How Public Service Loan Forgiveness (PSLF) Works

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Have a ton of student loans? Work at a nonprofit or for the government? You may be eligible for Public Service Loan Forgiveness. Here's how PSLF works.How would you like to have your student loans forgiven? Tax free?

This is a silly question to ask. Anyone with student loans would like to have their forgiven tax free!

Many are becoming aware that there is a way to have your student loans forgiven through a process called Public Service Loan Forgiveness, or PSLF for short.

2018 was the first year that anyone would be eligible for student loan forgiveness through PSLF. Now that there are recorded cases of people having their existing loans forgiven, PSLF is getting more and more attention from the media.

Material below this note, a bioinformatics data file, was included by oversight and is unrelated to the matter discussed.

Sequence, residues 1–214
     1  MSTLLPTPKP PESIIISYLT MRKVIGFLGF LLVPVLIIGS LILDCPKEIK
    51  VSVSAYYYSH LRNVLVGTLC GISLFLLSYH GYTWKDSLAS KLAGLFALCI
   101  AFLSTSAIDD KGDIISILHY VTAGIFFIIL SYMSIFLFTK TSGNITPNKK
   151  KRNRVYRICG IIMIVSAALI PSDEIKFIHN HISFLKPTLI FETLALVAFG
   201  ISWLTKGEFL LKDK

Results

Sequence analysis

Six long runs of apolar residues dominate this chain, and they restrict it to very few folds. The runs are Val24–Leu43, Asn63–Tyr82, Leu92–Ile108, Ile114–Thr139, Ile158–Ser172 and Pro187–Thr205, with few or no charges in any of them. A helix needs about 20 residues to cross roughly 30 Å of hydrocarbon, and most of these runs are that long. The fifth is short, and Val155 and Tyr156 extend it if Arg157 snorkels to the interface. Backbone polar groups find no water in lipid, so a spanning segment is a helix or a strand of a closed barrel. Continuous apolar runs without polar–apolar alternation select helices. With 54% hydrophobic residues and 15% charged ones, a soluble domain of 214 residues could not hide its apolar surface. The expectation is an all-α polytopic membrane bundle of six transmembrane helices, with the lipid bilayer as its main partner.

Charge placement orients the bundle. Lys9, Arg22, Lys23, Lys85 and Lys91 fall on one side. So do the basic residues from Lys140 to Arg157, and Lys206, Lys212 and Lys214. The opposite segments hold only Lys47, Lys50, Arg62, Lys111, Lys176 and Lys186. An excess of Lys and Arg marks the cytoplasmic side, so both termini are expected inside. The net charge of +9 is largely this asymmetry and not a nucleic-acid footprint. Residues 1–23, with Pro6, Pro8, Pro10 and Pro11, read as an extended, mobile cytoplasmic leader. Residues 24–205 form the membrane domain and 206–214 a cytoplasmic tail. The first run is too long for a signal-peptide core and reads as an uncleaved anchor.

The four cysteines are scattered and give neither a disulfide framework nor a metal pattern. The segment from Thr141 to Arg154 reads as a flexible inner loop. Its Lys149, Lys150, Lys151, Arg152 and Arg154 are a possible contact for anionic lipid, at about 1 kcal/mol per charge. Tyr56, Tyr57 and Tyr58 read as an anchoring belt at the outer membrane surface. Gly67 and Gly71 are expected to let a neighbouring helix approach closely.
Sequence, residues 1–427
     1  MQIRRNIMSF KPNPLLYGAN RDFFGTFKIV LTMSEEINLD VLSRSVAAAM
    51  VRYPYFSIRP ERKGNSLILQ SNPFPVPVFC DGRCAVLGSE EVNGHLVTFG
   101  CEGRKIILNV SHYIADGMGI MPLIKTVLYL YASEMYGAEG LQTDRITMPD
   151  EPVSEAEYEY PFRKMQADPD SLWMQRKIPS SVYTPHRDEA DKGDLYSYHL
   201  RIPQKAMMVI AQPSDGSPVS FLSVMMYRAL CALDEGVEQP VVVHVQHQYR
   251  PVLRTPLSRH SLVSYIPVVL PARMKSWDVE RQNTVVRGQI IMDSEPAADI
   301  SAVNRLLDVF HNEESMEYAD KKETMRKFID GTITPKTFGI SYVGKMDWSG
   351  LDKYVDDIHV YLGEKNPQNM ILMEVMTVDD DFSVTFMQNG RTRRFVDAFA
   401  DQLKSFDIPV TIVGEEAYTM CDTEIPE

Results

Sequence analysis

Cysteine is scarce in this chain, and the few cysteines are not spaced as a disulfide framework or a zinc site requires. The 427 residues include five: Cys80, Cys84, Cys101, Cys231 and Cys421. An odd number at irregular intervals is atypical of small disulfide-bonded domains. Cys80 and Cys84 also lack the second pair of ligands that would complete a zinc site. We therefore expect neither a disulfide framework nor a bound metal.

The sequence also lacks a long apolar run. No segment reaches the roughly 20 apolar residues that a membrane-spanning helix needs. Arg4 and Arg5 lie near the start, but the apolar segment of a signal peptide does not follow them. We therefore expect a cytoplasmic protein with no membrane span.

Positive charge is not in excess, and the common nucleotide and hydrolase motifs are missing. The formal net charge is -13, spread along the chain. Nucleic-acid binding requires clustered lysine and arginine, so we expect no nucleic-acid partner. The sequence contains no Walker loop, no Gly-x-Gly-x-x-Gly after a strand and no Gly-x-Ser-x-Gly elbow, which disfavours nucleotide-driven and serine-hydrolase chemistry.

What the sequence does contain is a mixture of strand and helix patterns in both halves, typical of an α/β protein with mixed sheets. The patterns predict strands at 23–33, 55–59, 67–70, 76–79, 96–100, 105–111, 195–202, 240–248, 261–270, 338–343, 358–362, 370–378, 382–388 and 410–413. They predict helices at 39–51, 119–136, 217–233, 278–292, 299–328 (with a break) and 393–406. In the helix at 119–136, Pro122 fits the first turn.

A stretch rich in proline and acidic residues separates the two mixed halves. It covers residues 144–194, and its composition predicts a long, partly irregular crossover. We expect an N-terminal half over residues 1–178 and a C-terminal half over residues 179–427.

But there are certain requirements. Not everyone is eligible for PSLF, but there are many who are. Let’s start by looking at the specific requirements for PSLF.

The Requirements of Public Service Loan Forgiveness

There are a few core requirements for PSLF. First, you must make 120 qualifying payments while on a qualified repayment plan while working for a qualifying employer. That means you can have your loans forgiven in as little as ten years (120 monthly payments = 10 years), though these payments do not have to be consecutive.

To re-iterate the core requirements, you must…

…be on a qualified repayment plan
…have a qualifying loan or loans
…work for a qualifying employer

Easy enough, right? Just kidding. Let’s look at each of these requirements one-by-one.

Qualifying Repayment Plans